Auditory feedback control mechanisms do not contribute to cortical hyperactivity within the voice production network in adductor spasmodic dysphonia
Elizabeth, Heller Murray
Noordzij, J. Pieter
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Citation (published version)Ayoub Daliri, Heller Murray Elizabeth, Anne Blood, James Burns, J. Pieter Noordzij, Alfonso Nieto-Castanon, Jason Tourville, Frank Guenther. 2020. "Auditory feedback control mechanisms do not contribute to cortical hyperactivity within the voice production network in adductor spasmodic dysphonia." Journal of Speech, Language, and Hearing Research, Volume 63, Issue 2, pp. 421 - 432. https://doi.org/10.1044/2019_JSLHR-19-00325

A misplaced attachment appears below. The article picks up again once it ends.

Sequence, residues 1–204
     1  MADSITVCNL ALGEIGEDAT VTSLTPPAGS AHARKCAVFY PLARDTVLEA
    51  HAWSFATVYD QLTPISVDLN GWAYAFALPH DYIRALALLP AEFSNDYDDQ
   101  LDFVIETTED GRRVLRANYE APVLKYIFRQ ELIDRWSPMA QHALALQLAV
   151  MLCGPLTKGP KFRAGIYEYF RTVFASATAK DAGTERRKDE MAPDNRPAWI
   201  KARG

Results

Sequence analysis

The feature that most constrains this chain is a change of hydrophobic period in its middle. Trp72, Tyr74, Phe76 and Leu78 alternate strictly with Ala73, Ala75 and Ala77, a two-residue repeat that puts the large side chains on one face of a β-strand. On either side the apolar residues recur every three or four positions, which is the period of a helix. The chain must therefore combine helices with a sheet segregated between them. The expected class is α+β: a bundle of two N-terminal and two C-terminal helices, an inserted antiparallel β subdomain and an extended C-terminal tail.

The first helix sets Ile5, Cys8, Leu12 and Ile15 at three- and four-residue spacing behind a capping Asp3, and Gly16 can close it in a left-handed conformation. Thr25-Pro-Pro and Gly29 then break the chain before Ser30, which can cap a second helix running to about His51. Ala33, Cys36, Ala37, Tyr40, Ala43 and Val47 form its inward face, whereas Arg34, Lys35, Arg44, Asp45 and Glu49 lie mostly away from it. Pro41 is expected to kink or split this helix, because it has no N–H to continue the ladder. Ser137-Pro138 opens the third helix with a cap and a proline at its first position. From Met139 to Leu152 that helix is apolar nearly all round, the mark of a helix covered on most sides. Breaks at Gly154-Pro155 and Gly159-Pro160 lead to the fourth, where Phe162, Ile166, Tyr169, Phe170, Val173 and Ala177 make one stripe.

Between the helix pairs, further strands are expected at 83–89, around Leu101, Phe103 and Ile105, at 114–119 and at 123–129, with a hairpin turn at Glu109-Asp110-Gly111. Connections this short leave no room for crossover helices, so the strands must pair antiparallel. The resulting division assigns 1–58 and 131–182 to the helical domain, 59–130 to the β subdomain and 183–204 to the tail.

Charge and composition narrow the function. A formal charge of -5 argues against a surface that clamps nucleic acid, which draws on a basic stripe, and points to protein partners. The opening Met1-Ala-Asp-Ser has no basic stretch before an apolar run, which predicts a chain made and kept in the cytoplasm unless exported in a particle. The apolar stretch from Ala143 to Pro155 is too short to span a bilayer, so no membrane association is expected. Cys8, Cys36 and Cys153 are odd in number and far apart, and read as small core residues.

Adductor spasmodic dysphonia (ADSD), the most common form of spasmodic dysphonia, is a debilitating voice disorder characterized by hyperactivity and muscle spasms in the vocal folds during speech. Prior neuroimaging studies have noted excessive brain activity during speech in ADSD participants compared to controls. Speech involves an auditory feedback control mechanism that generates motor commands aimed at eliminating disparities between desired and actual auditory signals. Thus, excessive neural activity in ADSD during speech may reflect, at least in part, increased engagement of the auditory feedback control mechanism as it attempts to correct vocal production errors detected through audition. To test this possibility, functional magnetic resonance imaging was used to identify differences between ADSD participants and age-matched controls in (i) brain activity when producing speech under different auditory feedback conditions, and (ii) resting state functional connectivity within the cortical network responsible for vocalization. The ADSD group had significantly higher activity than the control group during speech (compared to a silent baseline task) in three left-hemisphere cortical regions: ventral Rolandic (sensorimotor) cortex, anterior planum temporale, and posterior superior temporal gyrus/planum temporale. This was true for speech while auditory feedback was masked with noise as well as for speech with normal auditory feedback, indicating that the excess activity was not the result of auditory feedback control mechanisms attempting to correct for perceived voicing errors in ADSD. Furthermore, the ADSD group had significantly higher resting state functional connectivity between sensorimotor and auditory cortical regions within the left hemisphere as well as between the left and right hemispheres, consistent with the view that excessive motor activity frequently co-occurs with increased auditory cortical activity in individuals with ADSD.